The fact of
the matter is simply that MSNBC is still struggling in the ratings. Even though
the network and CNN get the lion’s share of the demo watchers that advertisers highly covet – men and women between 25-54 – Fox News still
gets more viewers overall.
overwhelming majority of Fox News viewers are beer swilling, chain smoking, 69
year old, scared, pissed off white guys and older (actual fact; look it up), apparently there are enough of them still alive to make Fox News still the
most watched cable news channel.
so bad at MSNBC that it’s even losing more demo viewers to CNN, giving them the
advantage. And worse, last quarter in both day and primetime ratings, the
network hit its lowest quarterly levels in 10 years, and its lowest quarter of total
viewership since the last quarter of 2007.
say, the network is desperate to stop the bleeding, and, according to Mediaite
(HERE) is looking to make some drastic changes.
meeting is scheduled at the network this week to discuss what to do. Among plans rumored to be under serous consideration, is bringing back
the controversial Keith Olbermann who previously hosted his own show, “Countdown,” for 8 years on CNBC.
show was successful, the problem, as always with Obermann, is that he is a
notorious royal pain in the rectum to deal with, and that on literally every TV
gig he’s ever had – either with ESPN, MSBC or elsewhere – he’s wound up getting
fired because of constant run-ins with network execs.
Olbermann is soon to be dumped from his current ESPN 2 show for the same old
reasons, and will be looking for a new home, will MSNBC be desperate enough to
hire him back? They both might need each other, and he will bring in ratings, so
the network just might bite the bullet and take the risk.
But, in another rumored potential move, MSNBC is also seriously considering cancelling their three least-watched
shows, which have been a drag on the network’s ratings.
First to go
could very well be Ed Schultz’s “The Ed Show,” which had been dumped by the network once
before, and then brought back for some mysterious reason. The other is “All In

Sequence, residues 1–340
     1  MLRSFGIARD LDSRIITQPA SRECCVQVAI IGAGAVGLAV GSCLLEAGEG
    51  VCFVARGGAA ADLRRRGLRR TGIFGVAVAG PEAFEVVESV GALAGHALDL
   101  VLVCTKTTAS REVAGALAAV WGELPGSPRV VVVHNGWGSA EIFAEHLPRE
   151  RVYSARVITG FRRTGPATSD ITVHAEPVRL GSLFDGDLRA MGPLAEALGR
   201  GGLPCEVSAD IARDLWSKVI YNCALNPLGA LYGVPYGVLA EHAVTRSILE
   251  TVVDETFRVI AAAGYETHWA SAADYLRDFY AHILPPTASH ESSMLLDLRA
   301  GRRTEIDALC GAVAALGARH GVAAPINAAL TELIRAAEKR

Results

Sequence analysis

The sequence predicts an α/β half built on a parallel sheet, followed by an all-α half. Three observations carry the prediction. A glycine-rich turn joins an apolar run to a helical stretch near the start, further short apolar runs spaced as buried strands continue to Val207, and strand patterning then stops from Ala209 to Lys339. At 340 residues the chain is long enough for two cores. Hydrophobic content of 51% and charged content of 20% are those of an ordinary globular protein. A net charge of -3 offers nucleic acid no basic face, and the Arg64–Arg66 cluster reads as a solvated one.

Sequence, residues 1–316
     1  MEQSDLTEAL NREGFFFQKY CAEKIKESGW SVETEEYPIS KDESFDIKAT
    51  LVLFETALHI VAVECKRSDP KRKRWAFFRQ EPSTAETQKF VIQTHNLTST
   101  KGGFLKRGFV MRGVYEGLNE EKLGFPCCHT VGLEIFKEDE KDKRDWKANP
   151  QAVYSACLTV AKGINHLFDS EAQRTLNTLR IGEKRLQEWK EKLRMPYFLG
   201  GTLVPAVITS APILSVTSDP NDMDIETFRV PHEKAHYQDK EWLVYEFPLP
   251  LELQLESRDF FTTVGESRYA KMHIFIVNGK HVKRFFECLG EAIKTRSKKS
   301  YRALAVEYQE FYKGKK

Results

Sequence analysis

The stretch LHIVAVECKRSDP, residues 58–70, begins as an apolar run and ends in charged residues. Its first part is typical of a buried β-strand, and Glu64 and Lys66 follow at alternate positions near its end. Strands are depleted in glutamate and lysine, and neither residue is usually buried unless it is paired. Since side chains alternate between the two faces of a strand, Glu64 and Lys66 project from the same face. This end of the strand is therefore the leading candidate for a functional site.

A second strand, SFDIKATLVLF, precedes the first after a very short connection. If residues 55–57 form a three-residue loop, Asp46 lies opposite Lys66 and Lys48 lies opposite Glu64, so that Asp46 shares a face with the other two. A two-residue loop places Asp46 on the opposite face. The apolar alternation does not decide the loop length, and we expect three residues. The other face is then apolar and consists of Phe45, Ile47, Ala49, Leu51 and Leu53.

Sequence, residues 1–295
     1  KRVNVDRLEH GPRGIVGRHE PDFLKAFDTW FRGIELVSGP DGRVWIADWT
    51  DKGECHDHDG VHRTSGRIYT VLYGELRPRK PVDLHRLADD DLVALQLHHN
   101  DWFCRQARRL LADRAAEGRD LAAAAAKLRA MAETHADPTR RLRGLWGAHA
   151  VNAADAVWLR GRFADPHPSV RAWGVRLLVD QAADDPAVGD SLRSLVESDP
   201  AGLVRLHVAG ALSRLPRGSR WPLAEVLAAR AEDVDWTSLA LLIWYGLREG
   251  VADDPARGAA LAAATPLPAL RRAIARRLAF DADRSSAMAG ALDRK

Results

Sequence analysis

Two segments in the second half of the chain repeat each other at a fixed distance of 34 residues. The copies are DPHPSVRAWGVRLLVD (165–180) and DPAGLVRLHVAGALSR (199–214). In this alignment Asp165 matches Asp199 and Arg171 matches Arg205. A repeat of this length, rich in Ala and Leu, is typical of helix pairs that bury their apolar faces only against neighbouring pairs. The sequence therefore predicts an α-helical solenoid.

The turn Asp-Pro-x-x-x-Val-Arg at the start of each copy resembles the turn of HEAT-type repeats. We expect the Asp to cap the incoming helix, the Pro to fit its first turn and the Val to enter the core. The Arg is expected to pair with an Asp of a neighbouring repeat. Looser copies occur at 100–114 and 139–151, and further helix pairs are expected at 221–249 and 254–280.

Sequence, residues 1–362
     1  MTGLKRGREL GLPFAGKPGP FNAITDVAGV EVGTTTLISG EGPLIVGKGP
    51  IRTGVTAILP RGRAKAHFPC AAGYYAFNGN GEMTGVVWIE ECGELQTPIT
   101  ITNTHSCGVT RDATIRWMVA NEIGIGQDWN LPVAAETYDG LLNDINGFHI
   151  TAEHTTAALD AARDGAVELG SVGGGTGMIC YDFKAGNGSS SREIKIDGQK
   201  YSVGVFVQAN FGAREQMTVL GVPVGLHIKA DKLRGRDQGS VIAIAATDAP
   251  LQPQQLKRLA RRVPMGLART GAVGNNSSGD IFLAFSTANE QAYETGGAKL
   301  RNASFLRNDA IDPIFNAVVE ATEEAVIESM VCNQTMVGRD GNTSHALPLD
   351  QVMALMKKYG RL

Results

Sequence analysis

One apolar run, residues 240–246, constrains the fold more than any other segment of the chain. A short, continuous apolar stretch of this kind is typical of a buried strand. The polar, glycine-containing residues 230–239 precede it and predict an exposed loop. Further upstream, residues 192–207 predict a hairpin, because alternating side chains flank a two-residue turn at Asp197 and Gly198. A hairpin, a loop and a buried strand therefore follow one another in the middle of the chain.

with Chris Hayes,” which has been on the network for over two years now, and has
yet to make any kind of dent in terms of ratings.
show has two major problems: one being the fact that it goes up against “The O’Reilly Factor” on Fox. The second is Hayes’ hyper, persnickety, aggressively nerdy “I’m smarter
than you and I always want you to know it” attitude, which I suspect turns a lot
of people off. He reminds me of that really annoying, smartass brat in
high school who always got his ass kicked.
leaves us with the third problem show on MSNBC – and that is “Politics Nation with
the Rev. Al Sharpton.” And this is where the network has a problem.
Rev Al’s show has been a ratings disaster from the beginning, and normally would have
been cancelled a long time ago, but the network has kept it on. It’s not like
it’s such a great show. Rev Al ‘s hectoring, shouting
way of speaking, as if the viewers are in the next room, as well as his still not being able to figure out how to read a teleprompter, don’t help matters.
Yet his show
keeps keeping on. Why? One theory is that the network is afraid to incur Rev.
Al’s wrath, worried that they would get hounded with protests from angry viewers.
But if the ratings are so low, who’s watching it to even raise a protest?
the other factor, as in Bryon Allen’s $20 billion dollar lawsuit against MSNBC,
Comcast and Sharpton (which I wrote about in length HERE), in which Allen
accused the news network of giving Sharpton a show and a $750,000 yearly
salary as a sort of “Thank you” after Sharpton and his group – the
National Action Network – were paid more than $3.8 million in “donations”
for publicly supporting Comcast’s takeover of NBC, and not taking to task the
media giant that Allen and other black producers have
been essentially shut out by.
rid of his show could be rather difficult. There is the possibility of moving Sharpton’s show to weekend afternoons, which would be a
sort of demotion for Rev. Al. But there
is some question as to whether he would even accept that, and would likely cause some trouble
if the network forced him to do it.
So this is
where MSNBC stands right now. They have to make some changes quick in their
programming, which is understandable. But cancelling a show is hard. Who wants
to publicly admit that they made a mistake in giving so-and-so a show that was
never going to be successful?
have to make some decisions soon, and that includes Rev. Al’s show. They really
can’t keep him, but they can’t really let him go.
What to do?
If I had to guess, I’ll say that they’ll move his show to weekends, and put a
positive spin on it. What do you say?